Just as changing demographics in the nation and its newsrooms have initiated a reckoning in how media outlets cover racial justice, there is a slow sea-change transpiring in media coverage of Palestinians. In December 2023, more than a thousand U.S. journalists signed on to an open letter calling for “moral clarity,” urging their colleagues “to tell the full truth without fear or favor,” and to “use precise terms that are well-defined by international human rights organizations, including ‘apartheid,’ ‘ethnic cleansing,’ and ‘genocide.’”

Obscuring the criminality of elites and giving cover to genocide requires effort and a commitment to the power of elites. How much easier would it be to call a spade a spade and simply tell the truth?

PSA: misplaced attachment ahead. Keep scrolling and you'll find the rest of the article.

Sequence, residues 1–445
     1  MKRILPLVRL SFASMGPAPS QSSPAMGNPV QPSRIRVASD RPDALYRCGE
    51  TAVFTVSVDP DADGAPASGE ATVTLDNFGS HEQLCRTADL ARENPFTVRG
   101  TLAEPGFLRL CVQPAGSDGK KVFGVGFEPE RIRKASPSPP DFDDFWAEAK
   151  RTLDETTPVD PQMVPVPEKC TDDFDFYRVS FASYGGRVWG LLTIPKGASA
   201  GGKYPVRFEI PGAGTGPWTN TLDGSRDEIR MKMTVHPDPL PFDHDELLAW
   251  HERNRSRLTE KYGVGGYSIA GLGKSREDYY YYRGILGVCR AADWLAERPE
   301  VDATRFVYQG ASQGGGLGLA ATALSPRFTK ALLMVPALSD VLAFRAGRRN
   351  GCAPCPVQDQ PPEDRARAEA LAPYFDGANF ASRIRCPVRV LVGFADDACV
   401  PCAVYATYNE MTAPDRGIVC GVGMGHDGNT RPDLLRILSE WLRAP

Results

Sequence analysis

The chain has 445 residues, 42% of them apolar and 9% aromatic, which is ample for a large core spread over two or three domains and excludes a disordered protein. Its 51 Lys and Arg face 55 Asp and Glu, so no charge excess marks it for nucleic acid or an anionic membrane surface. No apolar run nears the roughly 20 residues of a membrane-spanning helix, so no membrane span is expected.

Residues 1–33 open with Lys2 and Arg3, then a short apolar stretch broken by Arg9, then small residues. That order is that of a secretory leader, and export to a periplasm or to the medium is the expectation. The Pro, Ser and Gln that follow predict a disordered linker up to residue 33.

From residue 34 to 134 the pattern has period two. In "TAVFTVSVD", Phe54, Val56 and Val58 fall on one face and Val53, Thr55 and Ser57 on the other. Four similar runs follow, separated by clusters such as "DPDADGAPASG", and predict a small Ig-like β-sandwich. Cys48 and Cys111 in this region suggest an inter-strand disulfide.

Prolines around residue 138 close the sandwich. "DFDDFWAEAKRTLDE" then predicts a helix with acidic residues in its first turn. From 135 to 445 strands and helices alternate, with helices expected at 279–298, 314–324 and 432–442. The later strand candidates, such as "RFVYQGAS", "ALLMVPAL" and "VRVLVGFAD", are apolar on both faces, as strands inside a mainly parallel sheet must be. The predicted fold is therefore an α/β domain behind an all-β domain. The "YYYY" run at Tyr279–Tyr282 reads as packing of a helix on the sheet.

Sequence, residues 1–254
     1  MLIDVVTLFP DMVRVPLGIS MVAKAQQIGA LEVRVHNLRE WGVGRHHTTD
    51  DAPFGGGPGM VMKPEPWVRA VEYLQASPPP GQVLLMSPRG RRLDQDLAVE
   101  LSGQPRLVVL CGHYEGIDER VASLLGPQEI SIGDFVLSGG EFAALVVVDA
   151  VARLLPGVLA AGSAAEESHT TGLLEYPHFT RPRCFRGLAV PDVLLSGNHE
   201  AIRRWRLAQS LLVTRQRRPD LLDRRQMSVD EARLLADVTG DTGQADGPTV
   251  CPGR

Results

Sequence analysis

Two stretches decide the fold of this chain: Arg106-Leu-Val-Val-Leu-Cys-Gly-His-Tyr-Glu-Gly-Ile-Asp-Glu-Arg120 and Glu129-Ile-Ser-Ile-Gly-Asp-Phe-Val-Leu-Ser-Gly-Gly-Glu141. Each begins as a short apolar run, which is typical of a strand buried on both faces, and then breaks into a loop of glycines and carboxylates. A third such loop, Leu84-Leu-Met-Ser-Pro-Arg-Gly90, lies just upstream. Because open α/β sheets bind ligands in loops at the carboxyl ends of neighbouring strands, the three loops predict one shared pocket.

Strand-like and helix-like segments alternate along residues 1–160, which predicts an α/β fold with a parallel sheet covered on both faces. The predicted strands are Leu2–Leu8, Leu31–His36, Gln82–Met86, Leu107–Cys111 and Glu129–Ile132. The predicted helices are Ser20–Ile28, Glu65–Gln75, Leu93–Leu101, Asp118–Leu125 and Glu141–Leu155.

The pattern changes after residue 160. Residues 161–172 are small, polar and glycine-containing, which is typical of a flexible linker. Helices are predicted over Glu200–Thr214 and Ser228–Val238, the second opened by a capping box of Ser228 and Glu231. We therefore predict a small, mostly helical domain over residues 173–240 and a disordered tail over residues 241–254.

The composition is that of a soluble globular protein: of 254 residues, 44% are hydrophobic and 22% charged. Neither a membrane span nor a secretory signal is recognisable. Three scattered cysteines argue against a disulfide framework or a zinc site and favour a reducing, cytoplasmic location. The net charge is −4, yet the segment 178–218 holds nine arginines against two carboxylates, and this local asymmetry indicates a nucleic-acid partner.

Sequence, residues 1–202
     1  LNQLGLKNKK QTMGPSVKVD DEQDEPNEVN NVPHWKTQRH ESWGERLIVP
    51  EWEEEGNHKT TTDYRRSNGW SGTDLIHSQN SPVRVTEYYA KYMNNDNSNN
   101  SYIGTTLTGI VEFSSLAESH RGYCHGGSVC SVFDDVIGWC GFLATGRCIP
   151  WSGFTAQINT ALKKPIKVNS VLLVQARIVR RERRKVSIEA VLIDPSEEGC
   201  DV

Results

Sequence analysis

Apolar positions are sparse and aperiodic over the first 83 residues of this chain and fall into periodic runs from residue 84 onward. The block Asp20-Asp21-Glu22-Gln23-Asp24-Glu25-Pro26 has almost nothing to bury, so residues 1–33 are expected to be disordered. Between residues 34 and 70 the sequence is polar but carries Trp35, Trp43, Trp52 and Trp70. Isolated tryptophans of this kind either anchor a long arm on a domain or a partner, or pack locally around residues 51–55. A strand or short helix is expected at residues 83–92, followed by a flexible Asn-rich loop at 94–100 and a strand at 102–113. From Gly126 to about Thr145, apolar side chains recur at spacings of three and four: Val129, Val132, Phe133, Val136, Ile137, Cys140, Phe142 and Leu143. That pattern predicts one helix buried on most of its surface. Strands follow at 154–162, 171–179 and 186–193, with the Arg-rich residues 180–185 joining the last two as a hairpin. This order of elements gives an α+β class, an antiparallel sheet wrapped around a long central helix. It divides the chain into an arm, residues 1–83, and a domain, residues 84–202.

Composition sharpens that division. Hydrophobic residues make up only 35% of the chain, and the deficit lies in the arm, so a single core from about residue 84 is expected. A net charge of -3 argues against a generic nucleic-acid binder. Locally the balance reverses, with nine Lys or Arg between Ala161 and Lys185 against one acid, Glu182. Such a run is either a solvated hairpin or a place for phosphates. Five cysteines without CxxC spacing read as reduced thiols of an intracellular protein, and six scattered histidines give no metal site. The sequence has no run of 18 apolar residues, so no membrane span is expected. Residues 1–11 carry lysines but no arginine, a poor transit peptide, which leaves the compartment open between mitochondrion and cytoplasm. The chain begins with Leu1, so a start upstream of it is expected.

Sonali Kolhatkar is an award-winning multimedia journalist. She is the founder, host, and executive producer of “Rising Up With Sonali,” a weekly television and radio show that airs on Free Speech TV and Pacifica stations. Her most recent book is Rising Up: The Power of Narrative in Pursuing Racial Justice (City Lights Books, 2023). She is a writing fellow for the Economy for All project at the Independent Media Institute and the racial justice and civil liberties editor at Yes! Magazine. She serves as the co-director of the nonprofit solidarity organization the Afghan Women’s Mission and is a co-author of Bleeding Afghanistan. She also sits on the board of directors of Justice Action Center, an immigrant rights organization. This article was produced by Economy for All, a project of the Independent Media Institute.